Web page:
Here is how I learned that houses can't swim ... The house that I purchased in 2005, with over $30,000 in equity, all of sudden became worth $50,000 LESS than what I owed the bank in 2008. In three years the value of my home was "under water" by a little over $80,000! How could this be?
I drove through my neighborhood and saw an unusual amount of houses with foreclosure notices. But, I was in denial. I was so excited about the new job that I accepted and about relocating to another state where I always wanted to live, that I ignored the signs.
I quickly learned that it didn't matter what I believed my home was worth. Rather, it was all about how much buyers were willing to pay for the properties around my home that determined it's value. I was also frequently reminded that a property will not sell for more than it is valued, regardless of how much more is owed on the mortgage in a buyer's market with significant amount of homes for sale.
I even thought I would save money by doing a FSBO (For Sale By Owner) instead of turning the property over to a professional immediately. By the time I handed it over to a real estate professional, the market was sinking fast and it was too late. Not working with a real estate professional early ended up costing me more money.
I was so mad at myself because I knew better!
I JUST DIDN'T QUALIFY
Say what? A single mother, getting next to nothing in child support and the "sole bread winner" paying ALL of the bills alone, didn't qualify for a modification or short sale. How could this be? I felt hurt and confused. That's when the fear started to settle in. "Now, what am I going to do?" "How will I explain this to my son, my family, my boss?" "OMG ... foreclosures are public record," I remembered, "What if people see that my home was being foreclosed?" "How could I help other's with their financial situations while dealing with my own financial mess?"
Unfortunately, there was no Olivia Pope back then for me and Foreclosure Prevention organizations and programs didn't really exist until after the Foreclosure Prevention Act of 2008.
I felt so embarrassed that my financial dirty laundry was going to be exposed. And, as much as I wanted to be upset with the bank, I was more upset and disappointed with ME.
Dealing with this situation made me physically, mentally, emotionally and financially SICK and TIRED! My blood sugar and blood pressure was always elevated because of the stress of worrying, which was definitely not good for a diabetic with hypertension. I worried all of time about the fact that my house would not sell AT ALL. It stressed me out more because I was honestly trying to figure out how to minimize the loss to the bank. The stress was literally killing me. It wasn't that I was emotionally attached to the property. It was that I was emotionally attached to my FINANCIAL INTEGRITY! I had to fulfill my promise to pay back the money I had borrowed. And the fact that I had a willingness to pay but lacked the ability to pay the mortgage, ate me alive.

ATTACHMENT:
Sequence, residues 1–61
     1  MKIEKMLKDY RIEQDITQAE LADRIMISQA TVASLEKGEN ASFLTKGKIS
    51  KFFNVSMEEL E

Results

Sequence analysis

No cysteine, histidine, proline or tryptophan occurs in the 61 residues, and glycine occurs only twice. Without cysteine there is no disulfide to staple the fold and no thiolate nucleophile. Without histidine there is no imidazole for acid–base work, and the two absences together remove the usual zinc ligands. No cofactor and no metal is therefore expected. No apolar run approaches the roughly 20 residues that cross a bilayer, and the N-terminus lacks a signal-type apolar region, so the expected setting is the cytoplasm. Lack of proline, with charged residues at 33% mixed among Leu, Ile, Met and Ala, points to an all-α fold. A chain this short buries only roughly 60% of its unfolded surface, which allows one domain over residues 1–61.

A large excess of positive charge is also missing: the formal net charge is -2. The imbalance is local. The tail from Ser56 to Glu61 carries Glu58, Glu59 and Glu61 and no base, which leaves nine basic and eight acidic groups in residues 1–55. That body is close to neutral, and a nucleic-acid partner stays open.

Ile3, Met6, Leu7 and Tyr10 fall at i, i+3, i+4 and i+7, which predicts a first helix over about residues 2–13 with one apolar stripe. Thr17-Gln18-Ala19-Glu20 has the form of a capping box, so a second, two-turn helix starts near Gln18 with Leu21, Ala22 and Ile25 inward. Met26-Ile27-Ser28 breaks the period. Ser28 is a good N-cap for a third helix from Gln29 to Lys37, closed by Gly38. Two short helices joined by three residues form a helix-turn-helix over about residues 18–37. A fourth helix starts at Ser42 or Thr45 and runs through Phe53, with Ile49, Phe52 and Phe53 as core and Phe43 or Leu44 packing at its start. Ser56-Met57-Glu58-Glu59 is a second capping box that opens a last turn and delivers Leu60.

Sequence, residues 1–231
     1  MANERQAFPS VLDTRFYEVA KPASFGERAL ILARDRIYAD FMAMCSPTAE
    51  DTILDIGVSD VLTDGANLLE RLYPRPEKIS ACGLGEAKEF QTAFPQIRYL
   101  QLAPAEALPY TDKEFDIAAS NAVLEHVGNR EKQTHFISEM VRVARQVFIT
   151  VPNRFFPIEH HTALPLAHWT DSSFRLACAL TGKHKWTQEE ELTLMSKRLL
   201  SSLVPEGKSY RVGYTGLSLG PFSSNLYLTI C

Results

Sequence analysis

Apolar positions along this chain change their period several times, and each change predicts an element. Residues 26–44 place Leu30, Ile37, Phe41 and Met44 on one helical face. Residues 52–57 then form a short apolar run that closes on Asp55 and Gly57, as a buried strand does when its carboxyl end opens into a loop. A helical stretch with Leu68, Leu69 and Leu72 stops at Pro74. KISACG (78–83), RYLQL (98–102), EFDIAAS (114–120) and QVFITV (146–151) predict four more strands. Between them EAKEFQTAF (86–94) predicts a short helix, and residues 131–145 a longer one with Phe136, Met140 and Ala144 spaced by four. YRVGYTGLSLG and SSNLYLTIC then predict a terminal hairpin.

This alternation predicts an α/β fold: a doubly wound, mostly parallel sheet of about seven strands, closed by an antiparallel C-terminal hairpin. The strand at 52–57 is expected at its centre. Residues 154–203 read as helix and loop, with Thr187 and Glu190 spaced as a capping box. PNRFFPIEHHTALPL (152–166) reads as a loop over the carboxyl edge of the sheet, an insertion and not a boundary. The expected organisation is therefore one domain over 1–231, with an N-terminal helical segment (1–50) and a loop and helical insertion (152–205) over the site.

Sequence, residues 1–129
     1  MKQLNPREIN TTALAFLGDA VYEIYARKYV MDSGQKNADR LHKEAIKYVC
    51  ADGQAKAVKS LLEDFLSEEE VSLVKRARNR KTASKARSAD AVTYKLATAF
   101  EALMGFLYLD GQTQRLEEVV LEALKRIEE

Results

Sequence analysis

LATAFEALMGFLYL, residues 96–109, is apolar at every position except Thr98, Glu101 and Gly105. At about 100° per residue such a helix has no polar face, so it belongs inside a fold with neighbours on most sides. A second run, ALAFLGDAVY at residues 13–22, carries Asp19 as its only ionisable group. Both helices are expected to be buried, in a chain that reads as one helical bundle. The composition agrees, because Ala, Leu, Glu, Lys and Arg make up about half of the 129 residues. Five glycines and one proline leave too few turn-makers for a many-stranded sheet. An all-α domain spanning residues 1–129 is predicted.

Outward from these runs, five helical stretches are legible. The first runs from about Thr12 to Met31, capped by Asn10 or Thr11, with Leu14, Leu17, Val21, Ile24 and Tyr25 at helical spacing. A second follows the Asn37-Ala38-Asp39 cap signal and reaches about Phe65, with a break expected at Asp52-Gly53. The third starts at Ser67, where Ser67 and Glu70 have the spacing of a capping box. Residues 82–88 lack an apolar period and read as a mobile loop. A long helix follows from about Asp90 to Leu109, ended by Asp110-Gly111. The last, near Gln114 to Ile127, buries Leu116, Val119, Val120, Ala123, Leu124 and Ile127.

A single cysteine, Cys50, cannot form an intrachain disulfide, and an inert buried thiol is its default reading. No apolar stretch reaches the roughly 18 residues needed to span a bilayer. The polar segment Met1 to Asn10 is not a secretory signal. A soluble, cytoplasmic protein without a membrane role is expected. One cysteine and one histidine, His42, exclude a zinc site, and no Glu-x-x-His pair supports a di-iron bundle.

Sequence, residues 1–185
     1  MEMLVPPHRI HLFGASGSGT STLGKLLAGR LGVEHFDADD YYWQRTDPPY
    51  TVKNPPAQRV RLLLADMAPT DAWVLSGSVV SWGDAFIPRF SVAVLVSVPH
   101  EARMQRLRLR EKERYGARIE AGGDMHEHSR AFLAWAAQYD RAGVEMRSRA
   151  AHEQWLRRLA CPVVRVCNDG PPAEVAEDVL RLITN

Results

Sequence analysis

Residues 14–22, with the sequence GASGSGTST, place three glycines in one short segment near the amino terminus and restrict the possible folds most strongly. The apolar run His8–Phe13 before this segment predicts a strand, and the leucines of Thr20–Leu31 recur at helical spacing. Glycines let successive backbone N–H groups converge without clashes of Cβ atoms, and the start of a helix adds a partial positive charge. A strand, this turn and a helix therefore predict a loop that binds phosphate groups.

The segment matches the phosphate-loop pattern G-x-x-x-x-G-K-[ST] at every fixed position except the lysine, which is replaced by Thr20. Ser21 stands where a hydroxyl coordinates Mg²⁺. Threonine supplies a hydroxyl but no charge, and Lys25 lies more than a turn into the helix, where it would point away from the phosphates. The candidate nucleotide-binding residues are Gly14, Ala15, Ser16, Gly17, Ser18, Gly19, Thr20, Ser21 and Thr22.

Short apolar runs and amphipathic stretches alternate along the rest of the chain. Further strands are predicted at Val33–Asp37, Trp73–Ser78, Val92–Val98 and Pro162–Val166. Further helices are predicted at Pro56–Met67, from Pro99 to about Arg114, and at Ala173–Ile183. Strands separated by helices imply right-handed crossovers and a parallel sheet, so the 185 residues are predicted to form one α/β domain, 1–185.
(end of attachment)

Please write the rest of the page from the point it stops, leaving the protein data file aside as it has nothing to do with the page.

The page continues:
I had sleepless nights filled with crying. I prayed to God for guidance and consulted with my money mentor for advice. I had a great long-term financial relationship with my bank and it really felt like I was going through a heart wrenching, heart breaking, and bitter break up with them. I even started ignoring my bank's calls, letters and notices. It was that whole "blood from a turnip philosophy and somehow, I convinced myself that if I ignored them, I wouldn't be as stressed out. Of course, that financial fairy tale didn't (and still doesn't) work! The more I ignored them, the more intense they tried to reach out to me. As they should have!
I finally realized that if I continued to ignore and prolong the situation any further, I was going to suffer more mentally, emotionally, physically and financially. So, despite the negative social and financial consequences, I had let it go and walked away.
I am clear now as to why I had to go through this. I had to experience the negative consequences of my financial ignorance, bad financial decisions and bad timing. I had to experience and feel the pain. This experience helped me to become more compassionate to better help others going through this and similar financial issues. This test turned into my Testimony to share the lessons learned about some consequences and benefits of certain financial decisions, actions and non-actions.
I don't blame my bank for my foreclosure! I wasn't in an exotic mortgage and I was fully aware of the terms and agreements of the mortgage contract. Not all banks or credit unions were involved in the mortgage C-O-N-spiracy. Most financial institutions helped consumers obtain the American Dream to own their own home. I completely accept responsibility for my bad financial decisions and especially my financial ignorance.
- Click here for a summary of the Foreclosure Prevention Act of 2008. Know your rights!
- Operation HOPE also has a wonderful Foreclosure Prevention Program. Contact an office in your city or state.
- The Neighborhood Assistance Corporation of America (NACA) has a Home Save Program. Go to their website at www.NACA.com to locate an event in your city or state.
Also, most financial institutions have their own Financial Prevention programs or departments that may be able to assist you.
Whatever its worth, you are not alone and there is help. So please ask if you feel or think you might need help before it's too late. If you are on the verge or are now going through a foreclosure, make sure you have a Financial Resurrection Plan. Look out for my blog about the benefits of a Financial Resurrection Plan.
If you need more information about creating a Financial Resurrection Plan, feel free to contact me.